Friends of mine share their concerns of competitors creeping up on their idea, stealing users and abolishing all their hard earned work. In the gaming industry this is quite common and we see many “copycat” games released soon after a successful game reaches market. There is also the possibility of having a competitor and not knowing it, which sometimes can be more fearful to have an unnamed enemy. I also have friends who have managed to monopolize a market quickly and done a great job of being one step ahead, but there is also the Silicon Valley tales of all the first-timers who got paved over. Some examples have merit, others exaggerated in start-up folklore.
For us (ConsumerBell) we have been a leader of sorts for what we do and much of our beginning was spent validating and creating an industry. In the early days we were crazy with a “small idea” and a year later people often asked if we are afraid of competitors.
After successful milestones and serious traction I get asked all the time if I am afraid of competitors and what I plan to do to combat it. My simplest answer is NO. Here’s why.
Nobody loves what we do the way we do. It takes a special kind of person to work on something 20hrs a day. Some entrepreneurs are in it to get rich or the glamour, most of whom get quickly weeded out when they can’t secure funding or adapt to what the market needs. If you don’t love what you do with every part of your soul its hard to keep the mindframe of users and most importantly the stamina required for building a company is over popularized in the media — its downright HARD WORK. On the most grueling of days I remind myself that if running a start-up was easy then everyone would do it. You have to truly love what you do.
If the love isn’t there money won’t help. As we look at the bubble and see every flip flop wearing kid secure funding it could easily inspire paranoia of competitors. I’m still not convinced capital is enough. Again there’s hard work involved and customers to attain. You could have a million dollars in the bank and fancy marketing promotions but if you don’t love your idea customers won’t either. Sure money can buy happiness, it cannot however inspire a team to work for you or make up for months of research and knowing every little detail of your space.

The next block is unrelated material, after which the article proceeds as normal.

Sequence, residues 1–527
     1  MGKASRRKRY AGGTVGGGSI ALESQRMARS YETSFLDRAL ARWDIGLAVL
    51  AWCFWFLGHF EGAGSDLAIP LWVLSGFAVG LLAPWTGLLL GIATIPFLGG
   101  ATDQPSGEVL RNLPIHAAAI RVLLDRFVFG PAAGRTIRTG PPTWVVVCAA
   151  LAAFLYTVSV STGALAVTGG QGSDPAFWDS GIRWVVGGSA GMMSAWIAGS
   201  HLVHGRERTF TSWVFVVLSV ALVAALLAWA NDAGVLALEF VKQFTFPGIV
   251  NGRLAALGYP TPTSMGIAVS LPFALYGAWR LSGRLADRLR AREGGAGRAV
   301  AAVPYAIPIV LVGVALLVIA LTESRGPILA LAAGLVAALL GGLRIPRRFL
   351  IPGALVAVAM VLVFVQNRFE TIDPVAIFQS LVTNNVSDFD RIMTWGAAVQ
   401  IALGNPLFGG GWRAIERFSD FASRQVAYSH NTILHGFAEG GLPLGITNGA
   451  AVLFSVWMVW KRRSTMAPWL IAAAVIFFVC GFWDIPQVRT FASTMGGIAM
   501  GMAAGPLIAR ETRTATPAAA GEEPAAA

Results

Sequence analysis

Competition is good. Its hard being in the lead and even better if you have an equal to compare yourself too. In other ways a competitor can help validate your business model and also create a well trained pool of employees to pick from. I’ve never encouraged “stealing” employees but if there is a well equipped group of people in your space and you happen to be a better, happier place to work then everything is fair game.
Always look forward. As a startup founder your job is to always be looking and thinking forward, if your concentration is on your competitors then you have already lost. Keep your eyes on the future and your body will follow. In the end the world does happen to be a really big place and most the time there’s room for several competitors to flourish and differentiate themselves.
There’s no doubt right now is an interesting time for startups both young and old. Acquisitions being announced weekly and new incubators being created daily. In the end you have to ask yourself if you love doing what you are doing. And if you do get wiped out by a competitor make sure your time spent in the process was well enjoyed. And stop wearing flip flops.
(This article is part of a series by our resident SocialTimes entrepreneur, Ellie Cachette. Cachette is the founder of ConsumerBell and also writes on topics covering Consumer Web. For more articles by Ellie, click here )